If you'll flip to your "Read Through the Bible in A Year" section in the back of your text, you'll find that the month of December is largely taken up by the book of Revelation (no surprise, it is the last book in the Bible). Every year for last 5 years at least, I've found myself here at Christmas.
I realized this morning as I read Revelation 1 that it is an interesting contrast. Here, in the season of the year when we celebrate the advent of Christ, I find myself reading about His return.
The contrasts abound: At His birth, almost no-one recognized His arrival except His parents and some shepherds; in His Second Coming, no-one will be able to help but recognize Him. At His birth He came as a humble peasant child; in His Second Coming He will come in the majesty and glory of the Godhead. At His birth he came powerless; at His Second Coming He comes as the Omnipotent Conquering King of the Universe.
A curious paradox at this time of celebration and mirth, of Christmas trees and carols and eggnog and good cheer.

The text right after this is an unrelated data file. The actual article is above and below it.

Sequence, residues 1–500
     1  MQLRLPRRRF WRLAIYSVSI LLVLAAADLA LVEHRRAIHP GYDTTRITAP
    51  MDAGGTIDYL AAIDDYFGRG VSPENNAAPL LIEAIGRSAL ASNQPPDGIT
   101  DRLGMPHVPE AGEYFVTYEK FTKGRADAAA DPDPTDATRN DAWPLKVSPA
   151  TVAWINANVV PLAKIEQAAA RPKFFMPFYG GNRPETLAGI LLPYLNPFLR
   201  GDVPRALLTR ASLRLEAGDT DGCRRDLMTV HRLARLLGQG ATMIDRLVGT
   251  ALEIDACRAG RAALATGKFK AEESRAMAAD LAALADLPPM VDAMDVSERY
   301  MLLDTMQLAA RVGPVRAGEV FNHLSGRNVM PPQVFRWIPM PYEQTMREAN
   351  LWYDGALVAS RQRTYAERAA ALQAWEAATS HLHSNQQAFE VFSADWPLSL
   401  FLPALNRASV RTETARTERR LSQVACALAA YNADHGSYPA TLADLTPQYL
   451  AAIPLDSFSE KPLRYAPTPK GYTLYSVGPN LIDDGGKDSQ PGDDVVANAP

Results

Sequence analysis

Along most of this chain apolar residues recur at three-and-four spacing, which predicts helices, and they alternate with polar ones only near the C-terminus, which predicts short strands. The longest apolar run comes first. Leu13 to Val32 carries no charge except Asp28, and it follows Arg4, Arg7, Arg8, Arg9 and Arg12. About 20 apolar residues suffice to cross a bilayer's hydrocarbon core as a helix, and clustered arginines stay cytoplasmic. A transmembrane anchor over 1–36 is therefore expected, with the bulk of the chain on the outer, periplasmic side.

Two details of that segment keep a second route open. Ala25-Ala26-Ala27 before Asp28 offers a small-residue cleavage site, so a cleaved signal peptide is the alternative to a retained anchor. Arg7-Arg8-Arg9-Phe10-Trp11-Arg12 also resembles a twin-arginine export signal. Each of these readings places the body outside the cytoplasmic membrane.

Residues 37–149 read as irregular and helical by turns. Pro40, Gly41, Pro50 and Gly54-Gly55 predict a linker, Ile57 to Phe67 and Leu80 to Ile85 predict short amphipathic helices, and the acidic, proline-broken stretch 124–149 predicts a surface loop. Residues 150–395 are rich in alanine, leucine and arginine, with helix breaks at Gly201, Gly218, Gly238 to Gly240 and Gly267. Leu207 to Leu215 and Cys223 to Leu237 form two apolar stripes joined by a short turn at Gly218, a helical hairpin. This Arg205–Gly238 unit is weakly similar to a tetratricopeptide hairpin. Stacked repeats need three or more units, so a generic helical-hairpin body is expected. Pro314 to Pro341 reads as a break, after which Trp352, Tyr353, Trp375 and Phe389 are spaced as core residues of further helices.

Surely we should celebrate His coming? Of course - the Coming of Christ, the God-Man who paved the way for the salvation of man, is worthy of remembrance and celebration - not just now, but every day of the year.
But I wonder in our haste to filled with the seasonal spirit if we forget, we betray to the world that our focus is always less than what it should be. We see the First Coming and celebrate; we know the Second Coming is nigh (it's always nearer than it was yesterday), yet we often bury it beneath a weight of eschatalogical words or treat is as the something which is someday coming, but shouldn't concern us now.
We forget - at our peril - that for Israel as well, the Messiah's arrival was something so long in coming that they also eventually failed to look for that which was promised.